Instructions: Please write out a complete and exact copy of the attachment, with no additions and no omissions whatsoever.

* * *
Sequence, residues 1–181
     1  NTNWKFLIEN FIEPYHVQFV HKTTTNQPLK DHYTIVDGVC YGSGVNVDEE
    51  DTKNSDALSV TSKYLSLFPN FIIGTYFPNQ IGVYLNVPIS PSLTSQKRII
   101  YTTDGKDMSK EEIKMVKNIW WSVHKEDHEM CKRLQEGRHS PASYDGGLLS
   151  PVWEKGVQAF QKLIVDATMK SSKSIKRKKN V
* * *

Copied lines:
Sequence, residues 1–181
     1  NTNWKFLIEN FIEPYHVQFV HKTTTNQPLK DHYTIVDGVC YGSGVNVDEE
    51  DTKNSDALSV TSKYLSLFPN FIIGTYFPNQ IGVYLNVPIS PSLTSQKRII
   101  YTTDGKDMSK EEIKMVKNIW WSVHKEDHEM CKRLQEGRHS PASYDGGLLS
   151  PVWEKGVQAF QKLIVDATMK SSKSIKRKKN V